Thursday, May 22, 2008

Testing, testing, one, two, peas??

I have one very long bed that I usually plant peas in. I start mid-March and continue for about a month and a half so that we will have fresh peas for awhile. I usually do at least a double row on each side of the wire support that lines one side of this bed. Still, I rarely get many of these since my pea-lovin' son tends to go out first thing and eat them each morning. This Spring I was reading Dick Raymonds' Gardening Year and he suggested that peas don't need to be planted against a support, that you can plant them in blocks and they will mostly support each other. I wanted to test that theory out because then I would be able to grow peas anywhere without the need for support and it would also make rotation easier. (I tend to always plant my peas in the same place just because I already have the sturdy support in place)Here is my test block about 10 days ago and here it is today. We will see how it works.

If they do hold up well I can see that we might have a lot more peas next year.

Since I tend to get a tiny bit carried away with talk (and pictures) of gardening, I thought I would post most of my flower pictures over here and keep this blog for veggie gardening. (until I bore everyone there with too many flower pictures and then have to start posting them here) ;-)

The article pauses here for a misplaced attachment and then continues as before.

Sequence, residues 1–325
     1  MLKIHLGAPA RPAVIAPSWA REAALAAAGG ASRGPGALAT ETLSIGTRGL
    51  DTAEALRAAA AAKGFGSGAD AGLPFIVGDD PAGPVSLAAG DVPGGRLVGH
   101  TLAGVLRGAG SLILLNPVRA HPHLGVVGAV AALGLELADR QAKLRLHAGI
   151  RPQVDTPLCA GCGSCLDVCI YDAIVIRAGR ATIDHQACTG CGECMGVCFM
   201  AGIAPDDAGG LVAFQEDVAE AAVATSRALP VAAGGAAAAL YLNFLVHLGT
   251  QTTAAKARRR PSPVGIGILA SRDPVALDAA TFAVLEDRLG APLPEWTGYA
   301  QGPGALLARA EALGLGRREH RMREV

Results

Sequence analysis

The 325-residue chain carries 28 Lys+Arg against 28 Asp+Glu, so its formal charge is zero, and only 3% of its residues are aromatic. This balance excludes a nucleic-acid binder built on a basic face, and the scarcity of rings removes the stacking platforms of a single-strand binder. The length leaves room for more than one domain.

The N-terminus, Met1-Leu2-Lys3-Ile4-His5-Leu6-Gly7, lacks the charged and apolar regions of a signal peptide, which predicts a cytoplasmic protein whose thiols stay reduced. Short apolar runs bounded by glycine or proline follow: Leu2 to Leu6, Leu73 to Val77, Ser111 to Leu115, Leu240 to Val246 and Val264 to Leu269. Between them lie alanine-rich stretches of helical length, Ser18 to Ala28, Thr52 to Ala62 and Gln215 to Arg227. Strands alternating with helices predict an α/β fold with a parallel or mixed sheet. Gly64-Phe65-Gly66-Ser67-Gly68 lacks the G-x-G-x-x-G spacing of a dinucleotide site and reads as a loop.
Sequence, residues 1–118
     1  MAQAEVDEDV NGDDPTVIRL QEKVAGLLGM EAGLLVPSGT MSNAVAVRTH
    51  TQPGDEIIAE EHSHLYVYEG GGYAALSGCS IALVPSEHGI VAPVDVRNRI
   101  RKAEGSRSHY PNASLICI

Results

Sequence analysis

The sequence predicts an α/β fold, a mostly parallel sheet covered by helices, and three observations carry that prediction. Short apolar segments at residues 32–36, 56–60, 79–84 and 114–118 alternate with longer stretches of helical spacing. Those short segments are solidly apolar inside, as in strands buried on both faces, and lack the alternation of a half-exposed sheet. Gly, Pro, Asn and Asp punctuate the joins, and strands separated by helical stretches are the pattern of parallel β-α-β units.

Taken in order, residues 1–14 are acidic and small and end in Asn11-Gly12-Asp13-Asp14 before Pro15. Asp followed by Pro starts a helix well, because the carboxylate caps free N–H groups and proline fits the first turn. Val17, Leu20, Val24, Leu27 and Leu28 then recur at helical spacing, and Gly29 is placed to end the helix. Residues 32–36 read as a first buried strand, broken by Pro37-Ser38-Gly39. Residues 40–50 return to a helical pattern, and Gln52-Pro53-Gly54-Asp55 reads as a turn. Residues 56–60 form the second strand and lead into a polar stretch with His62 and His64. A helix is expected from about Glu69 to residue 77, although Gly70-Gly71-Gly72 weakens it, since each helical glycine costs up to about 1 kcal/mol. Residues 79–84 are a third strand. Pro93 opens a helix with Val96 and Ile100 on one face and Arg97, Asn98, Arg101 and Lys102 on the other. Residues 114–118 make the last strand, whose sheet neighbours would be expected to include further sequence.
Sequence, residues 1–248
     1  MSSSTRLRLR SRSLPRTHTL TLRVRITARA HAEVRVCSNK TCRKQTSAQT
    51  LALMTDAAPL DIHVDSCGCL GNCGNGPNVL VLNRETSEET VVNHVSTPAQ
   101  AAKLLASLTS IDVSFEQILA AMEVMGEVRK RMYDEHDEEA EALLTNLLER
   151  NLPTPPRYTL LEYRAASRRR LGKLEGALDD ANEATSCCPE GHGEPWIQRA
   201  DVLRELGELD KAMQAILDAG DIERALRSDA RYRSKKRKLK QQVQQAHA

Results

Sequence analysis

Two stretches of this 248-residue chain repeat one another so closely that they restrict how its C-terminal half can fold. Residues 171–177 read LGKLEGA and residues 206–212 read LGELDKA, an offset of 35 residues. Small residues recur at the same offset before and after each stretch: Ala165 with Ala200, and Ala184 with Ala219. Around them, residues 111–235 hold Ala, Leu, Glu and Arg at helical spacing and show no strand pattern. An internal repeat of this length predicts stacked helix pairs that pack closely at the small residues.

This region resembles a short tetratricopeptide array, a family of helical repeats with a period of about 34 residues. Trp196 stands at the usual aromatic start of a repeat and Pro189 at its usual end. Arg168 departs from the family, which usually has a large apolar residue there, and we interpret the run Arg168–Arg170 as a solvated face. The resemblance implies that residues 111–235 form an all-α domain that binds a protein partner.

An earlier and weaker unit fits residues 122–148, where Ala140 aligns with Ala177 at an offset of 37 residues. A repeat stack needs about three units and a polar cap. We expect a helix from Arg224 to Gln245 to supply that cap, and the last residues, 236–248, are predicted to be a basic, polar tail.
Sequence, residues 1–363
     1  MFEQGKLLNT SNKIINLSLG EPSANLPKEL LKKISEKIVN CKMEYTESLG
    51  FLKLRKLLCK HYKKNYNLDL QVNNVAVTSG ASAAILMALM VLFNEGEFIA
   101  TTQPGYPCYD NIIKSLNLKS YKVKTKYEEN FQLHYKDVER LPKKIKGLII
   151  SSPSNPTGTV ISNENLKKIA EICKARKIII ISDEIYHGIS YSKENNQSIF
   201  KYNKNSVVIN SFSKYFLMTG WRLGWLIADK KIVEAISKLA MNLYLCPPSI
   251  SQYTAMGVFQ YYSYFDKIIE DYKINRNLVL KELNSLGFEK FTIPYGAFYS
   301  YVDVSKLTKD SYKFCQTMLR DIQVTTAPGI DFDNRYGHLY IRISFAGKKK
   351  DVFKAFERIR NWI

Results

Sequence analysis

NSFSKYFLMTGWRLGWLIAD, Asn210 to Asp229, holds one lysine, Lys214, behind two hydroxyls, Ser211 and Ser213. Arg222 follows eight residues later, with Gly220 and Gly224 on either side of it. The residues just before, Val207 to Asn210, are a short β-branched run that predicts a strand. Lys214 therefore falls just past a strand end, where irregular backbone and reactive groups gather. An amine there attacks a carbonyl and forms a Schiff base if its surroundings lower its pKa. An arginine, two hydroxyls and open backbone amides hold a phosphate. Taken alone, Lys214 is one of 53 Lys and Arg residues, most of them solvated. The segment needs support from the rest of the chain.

3 comments:

Mary-Sue said...

I've done both methods and really do think I get more pease when I stake them. Will be interesting to see what you find out!

Julie in Virginia said...

I have an ancient copy of Dick's Gardening Year and love it (except for his reliance on chemical controls). I too got the idea of wide blocks of peas from him. My peas love being in blocks. It shades the ground, keeps weeds from germinating and they climb all over each other. I grow the edible peas - so maybe that's why it works so well - they only get 18 - 24 inches tall so I wouldn't stake them anyway.

I have so enjoyed watching your garden emerge this spring.

Heather said...

Hi Julie - it is such a good book, isn't it. I just skip over his info on chemical controls but he has such good ideas to try out. I also want to try out starting seeds in sod squares next year, seeing as how I am forever ripping out more grass around here I will have lots of sod to put to use.